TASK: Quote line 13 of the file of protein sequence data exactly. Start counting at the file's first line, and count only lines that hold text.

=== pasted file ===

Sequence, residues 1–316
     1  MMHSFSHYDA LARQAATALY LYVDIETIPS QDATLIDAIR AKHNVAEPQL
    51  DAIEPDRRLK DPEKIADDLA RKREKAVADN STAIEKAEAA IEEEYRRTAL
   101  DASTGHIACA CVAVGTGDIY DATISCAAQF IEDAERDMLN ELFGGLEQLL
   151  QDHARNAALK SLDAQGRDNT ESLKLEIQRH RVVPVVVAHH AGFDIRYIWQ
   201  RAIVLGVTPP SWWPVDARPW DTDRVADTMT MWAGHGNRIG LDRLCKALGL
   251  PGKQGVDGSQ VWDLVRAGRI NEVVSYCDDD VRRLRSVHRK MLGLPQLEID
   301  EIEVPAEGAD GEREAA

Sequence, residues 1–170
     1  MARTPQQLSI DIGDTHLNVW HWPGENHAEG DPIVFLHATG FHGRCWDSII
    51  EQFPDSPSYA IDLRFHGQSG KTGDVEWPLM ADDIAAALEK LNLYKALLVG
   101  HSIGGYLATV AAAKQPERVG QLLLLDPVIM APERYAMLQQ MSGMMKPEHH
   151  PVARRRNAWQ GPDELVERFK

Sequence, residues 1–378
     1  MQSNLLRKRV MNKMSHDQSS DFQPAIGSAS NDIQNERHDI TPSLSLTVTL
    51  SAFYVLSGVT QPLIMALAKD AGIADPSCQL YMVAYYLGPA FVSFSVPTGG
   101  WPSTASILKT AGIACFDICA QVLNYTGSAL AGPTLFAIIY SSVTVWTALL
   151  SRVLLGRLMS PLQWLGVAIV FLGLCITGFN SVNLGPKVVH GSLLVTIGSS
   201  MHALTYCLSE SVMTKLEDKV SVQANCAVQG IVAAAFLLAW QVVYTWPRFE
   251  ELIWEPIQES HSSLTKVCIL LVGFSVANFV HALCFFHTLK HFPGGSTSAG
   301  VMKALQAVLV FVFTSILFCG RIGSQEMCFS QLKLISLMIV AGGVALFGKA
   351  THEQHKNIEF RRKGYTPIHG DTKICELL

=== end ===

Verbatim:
   151  PVARRRNAWQ GPDELVERFK